“I grabbed him again and hit him again with it. And when I put him down the second time, his eyes got big. He was like, ‘Oh, my god! I think you just saved my life, man!’ It was crazy.”

Freeman tweeted a picture after it happened:

Freeman, 31, said he had never done the Heimlich maneuver before, but his mom is a nurse and had talked to him about it. He just did what he heard, and thankfully it worked.

Bears training camp preview: 3 burning questions for coaching staff

Bears training camp preview: 3 burning questions for coaching staff

With Bears players reporting for training camp Wednesday, CSN Chicago’s Chris Boden and JJ Stankevitz have been spending the last two weeks looking at three burning questions at each position group. The series concludes with Boden’ s look at the coaching staff.

1. Can John Fox find a balance between necessary snaps, and staying healthy?

Unless he’s practicing this team every day (he’s not) and hitting every day (he’s not doing that, either), a coach really can’t be blamed for injuries. That out-of-his-hands factor has kept his first two years from a true evaluation, yet every team has to deal with them. He and Ryan Pace have been particularly hamstrung (pun intended) by the fact so many key, high draft picks/building blocks and impact free agent signings (see Pernell McPhee, Danny Trevathan, Eddie Royal) have spent significant time on the sidelines. 

Fox tweaked the workout schedule in Bourbonnais with more consistent start times (all in the 11 a.m. hour), mixing in off-days and walk-throughs. Yet there are heavy competitions to sift through, particularly at wide receiver, cornerback, and safety, and projected starters must learn to get used to each other (and the offense get used to Mike Glennon) so that miscommunication is at a minimum. The Falcons, Buccaneers, Steelers and Packers won’t wait for them to get on the same page over the first 19 days of the regular season.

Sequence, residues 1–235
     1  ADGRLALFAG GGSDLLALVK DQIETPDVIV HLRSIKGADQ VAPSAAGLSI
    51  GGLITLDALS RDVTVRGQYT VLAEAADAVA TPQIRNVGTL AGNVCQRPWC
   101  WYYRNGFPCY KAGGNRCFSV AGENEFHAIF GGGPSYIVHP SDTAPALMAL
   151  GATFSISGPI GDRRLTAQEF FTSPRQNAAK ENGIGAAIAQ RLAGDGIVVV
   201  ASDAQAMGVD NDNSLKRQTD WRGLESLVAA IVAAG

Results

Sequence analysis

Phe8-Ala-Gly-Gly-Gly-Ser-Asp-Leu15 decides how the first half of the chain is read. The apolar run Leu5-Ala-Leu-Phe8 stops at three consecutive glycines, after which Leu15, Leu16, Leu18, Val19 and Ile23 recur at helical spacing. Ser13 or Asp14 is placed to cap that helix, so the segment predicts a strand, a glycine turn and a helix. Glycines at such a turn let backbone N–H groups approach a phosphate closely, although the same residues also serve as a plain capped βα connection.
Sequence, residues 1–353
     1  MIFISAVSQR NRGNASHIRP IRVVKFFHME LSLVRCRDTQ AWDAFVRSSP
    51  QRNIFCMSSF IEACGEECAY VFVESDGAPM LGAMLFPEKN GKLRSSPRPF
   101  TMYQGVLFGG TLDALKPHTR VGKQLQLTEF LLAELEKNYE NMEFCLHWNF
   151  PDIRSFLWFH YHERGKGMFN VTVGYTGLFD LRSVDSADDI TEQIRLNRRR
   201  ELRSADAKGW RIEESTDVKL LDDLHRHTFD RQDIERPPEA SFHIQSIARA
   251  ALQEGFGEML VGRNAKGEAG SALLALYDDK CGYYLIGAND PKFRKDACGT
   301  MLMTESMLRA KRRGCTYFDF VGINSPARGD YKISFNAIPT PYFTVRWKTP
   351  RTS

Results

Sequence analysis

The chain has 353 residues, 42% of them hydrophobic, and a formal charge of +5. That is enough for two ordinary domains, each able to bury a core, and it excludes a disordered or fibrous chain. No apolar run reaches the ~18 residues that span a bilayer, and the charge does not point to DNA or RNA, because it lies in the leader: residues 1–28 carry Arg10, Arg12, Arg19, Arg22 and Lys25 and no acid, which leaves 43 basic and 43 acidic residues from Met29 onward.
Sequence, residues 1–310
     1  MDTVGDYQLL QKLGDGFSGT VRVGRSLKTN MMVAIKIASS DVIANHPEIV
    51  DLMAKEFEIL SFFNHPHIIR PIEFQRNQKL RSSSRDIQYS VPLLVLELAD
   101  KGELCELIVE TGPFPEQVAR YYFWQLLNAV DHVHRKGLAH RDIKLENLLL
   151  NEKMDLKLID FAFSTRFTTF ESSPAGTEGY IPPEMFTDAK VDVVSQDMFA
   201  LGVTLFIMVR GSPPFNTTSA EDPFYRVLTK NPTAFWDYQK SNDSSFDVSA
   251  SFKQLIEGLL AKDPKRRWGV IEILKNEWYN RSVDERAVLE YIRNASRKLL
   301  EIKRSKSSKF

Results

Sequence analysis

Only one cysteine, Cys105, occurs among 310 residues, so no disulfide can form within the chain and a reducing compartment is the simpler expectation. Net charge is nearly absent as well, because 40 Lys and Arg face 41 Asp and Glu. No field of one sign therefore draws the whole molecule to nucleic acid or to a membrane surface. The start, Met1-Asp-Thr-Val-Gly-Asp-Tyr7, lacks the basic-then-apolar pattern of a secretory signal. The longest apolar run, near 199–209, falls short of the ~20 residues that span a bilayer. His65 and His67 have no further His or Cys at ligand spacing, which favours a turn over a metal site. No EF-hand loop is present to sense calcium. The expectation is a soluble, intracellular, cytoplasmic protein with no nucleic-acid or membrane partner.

2. How does Dowell Loggains divide up quarterback snaps?

His starting quarterback basically hasn’t played since 2014 and is trying to master a new system, working with new receivers. All while Mike Glennon tries to be “all systems go”-ready on Sept. 10. Loggains is also in charge of developing the quarterback of the future, who never previously worked under center or called a huddle. If Mitch Trubisky isn’t the backup to start the season, Mark Sanchez, who missed all of minicamp with a knee injury, has to gain enough of a comfort level with the playbook and his receivers to slide in in the event of an emergency. These practices usually top out at about two hours, maybe a bit longer. Will there basically be two practices going on at the same time? If so, how can Loggains and the offensive assistants not overdo it for those at other positions?

3. Are Vic Fangio and Leonard Floyd tied at the hip?

The defensive coordinator still oversees all the position groups, but will focus particularly on the oustide linebackers and the prized pupil, Leonard Floyd. Fangio says he liked what he’s seen of the 2016 first-round pick this off-season, once he recovered from his second concussion. But he said all the bumps, bruises, strains, pulls, and bell-ringing didn’t mean anything more than an incomplete rookie grade. At this point, he’d probably like to be joined to Floyd’s hip in Bourbonnais, because that means he’ll be staying on the practice field, learning. “3b” in this category would be Ed Donatell sorting through a long list of young defensive backs to find the right pieces to keep for the present and future, in addition to finding four starters who’ll take the ball away a lot better than they’ve done the past two seasons.